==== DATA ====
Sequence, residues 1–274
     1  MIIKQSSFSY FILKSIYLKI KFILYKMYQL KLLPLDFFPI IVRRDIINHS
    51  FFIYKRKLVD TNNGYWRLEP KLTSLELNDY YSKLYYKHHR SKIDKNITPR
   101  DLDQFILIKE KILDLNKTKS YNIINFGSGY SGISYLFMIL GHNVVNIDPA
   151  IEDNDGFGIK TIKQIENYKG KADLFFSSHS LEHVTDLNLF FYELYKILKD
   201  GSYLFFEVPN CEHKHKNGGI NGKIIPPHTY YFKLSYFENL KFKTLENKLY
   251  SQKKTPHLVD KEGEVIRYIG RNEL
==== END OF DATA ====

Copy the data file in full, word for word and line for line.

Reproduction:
Sequence, residues 1–274
     1  MIIKQSSFSY FILKSIYLKI KFILYKMYQL KLLPLDFFPI IVRRDIINHS
    51  FFIYKRKLVD TNNGYWRLEP KLTSLELNDY YSKLYYKHHR SKIDKNITPR
   101  DLDQFILIKE KILDLNKTKS YNIINFGSGY SGISYLFMIL GHNVVNIDPA
   151  IEDNDGFGIK TIKQIENYKG KADLFFSSHS LEHVTDLNLF FYELYKILKD
   201  GSYLFFEVPN CEHKHKNGGI NGKIIPPHTY YFKLSYFENL KFKTLENKLY
   251  SQKKTPHLVD KEGEVIRYIG RNEL